One of the few descriptive, qualitative analyses of what professional women actually do on a day-to-day basis at work, how they experience the work and their fellow workers, and how these experiences help shape their careers.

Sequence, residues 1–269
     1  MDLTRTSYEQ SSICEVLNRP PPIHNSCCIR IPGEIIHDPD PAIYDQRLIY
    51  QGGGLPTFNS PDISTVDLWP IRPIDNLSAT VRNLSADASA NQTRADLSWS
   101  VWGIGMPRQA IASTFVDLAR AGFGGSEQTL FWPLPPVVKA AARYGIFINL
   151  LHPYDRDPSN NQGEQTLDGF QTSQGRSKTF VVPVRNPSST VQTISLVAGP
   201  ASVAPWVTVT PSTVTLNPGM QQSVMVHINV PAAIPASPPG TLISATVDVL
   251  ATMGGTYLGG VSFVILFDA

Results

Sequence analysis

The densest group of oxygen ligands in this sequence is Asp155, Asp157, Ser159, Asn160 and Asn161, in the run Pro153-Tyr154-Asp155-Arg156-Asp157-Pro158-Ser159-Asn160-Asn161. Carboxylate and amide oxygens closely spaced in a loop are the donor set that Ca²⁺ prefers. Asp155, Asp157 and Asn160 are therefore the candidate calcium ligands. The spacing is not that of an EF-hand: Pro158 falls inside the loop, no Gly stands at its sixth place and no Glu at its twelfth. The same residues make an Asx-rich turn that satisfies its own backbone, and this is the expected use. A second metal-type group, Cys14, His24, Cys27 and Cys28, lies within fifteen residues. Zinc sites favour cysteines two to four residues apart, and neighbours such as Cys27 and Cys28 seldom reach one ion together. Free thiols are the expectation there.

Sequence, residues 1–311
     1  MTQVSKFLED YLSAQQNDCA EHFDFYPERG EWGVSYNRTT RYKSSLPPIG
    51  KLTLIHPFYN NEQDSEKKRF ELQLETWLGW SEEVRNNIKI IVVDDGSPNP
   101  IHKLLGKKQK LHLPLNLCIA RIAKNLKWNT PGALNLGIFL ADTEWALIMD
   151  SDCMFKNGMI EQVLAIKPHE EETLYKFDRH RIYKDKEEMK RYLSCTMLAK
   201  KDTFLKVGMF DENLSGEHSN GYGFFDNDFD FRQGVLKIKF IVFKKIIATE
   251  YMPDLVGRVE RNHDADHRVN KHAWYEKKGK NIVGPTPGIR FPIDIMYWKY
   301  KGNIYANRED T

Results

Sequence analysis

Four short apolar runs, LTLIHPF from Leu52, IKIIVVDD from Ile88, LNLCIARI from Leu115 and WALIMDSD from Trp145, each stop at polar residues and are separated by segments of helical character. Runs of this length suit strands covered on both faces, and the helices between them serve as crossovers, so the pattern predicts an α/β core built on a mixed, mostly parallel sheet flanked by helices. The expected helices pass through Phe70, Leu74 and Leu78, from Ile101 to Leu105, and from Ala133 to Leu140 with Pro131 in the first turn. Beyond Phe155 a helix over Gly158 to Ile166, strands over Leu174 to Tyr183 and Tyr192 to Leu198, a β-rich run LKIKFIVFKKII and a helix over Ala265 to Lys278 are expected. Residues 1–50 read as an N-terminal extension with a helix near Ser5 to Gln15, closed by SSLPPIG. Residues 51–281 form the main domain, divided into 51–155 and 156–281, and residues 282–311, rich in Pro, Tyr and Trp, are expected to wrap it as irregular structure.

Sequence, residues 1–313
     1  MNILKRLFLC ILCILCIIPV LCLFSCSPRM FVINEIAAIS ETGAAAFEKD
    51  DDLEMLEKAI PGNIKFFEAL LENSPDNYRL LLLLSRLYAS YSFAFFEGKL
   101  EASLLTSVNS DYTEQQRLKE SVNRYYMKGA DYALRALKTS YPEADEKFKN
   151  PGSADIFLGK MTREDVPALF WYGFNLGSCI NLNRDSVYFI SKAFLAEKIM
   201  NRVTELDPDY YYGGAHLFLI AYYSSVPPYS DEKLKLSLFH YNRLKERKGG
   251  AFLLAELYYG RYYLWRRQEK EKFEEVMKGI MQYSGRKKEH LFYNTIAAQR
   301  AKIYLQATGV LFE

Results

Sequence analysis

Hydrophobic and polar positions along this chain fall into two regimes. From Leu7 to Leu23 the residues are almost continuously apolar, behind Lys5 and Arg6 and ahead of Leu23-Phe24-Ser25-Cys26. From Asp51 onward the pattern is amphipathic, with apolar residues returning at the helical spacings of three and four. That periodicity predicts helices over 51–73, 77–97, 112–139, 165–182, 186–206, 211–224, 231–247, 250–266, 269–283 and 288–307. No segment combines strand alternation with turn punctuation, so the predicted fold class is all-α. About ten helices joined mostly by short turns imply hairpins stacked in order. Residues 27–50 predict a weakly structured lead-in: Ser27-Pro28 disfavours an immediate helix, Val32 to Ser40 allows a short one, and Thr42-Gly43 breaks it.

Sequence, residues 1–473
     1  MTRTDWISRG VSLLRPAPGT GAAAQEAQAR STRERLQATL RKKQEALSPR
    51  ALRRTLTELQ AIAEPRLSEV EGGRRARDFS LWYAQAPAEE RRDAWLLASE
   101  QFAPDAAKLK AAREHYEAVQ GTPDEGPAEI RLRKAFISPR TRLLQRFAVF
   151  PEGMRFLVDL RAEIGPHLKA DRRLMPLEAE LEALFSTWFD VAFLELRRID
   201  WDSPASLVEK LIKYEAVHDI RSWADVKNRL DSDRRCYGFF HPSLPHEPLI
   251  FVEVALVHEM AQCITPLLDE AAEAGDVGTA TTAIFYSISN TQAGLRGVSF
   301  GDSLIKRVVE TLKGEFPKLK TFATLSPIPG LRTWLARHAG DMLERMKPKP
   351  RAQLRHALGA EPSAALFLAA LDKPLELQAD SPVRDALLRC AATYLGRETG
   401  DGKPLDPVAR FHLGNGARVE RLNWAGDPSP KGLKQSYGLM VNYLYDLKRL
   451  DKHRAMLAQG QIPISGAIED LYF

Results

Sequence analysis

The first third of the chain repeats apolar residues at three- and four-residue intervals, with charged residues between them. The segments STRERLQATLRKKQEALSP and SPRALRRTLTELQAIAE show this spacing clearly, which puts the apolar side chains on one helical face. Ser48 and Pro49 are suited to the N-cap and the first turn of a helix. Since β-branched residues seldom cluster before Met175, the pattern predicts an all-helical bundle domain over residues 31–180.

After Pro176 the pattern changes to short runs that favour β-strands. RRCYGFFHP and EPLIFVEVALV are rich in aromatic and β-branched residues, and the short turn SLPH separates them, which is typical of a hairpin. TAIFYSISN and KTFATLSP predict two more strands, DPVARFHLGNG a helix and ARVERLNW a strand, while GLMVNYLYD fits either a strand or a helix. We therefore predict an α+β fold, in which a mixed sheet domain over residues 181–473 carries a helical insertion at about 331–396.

This book looks at the routine taken-for-granted features of work as experienced by professional women in bureaucratic environments. It shows why these trivial features are not trivial, but add up to a good part of what all work is composed of. Finally, it considers why the women interviewed in this study encountered and experienced their professional careers in the ways they did. There are many books on the general subject of women at work and the sociology of work, but few deal with what the work consists of, how it is accomplished, what one needs to know to undertake it competently, and how it is experienced by the worker. This book deals with all these issues, and more, that are typically overlooked in the literature on women at work in particular and on work in general.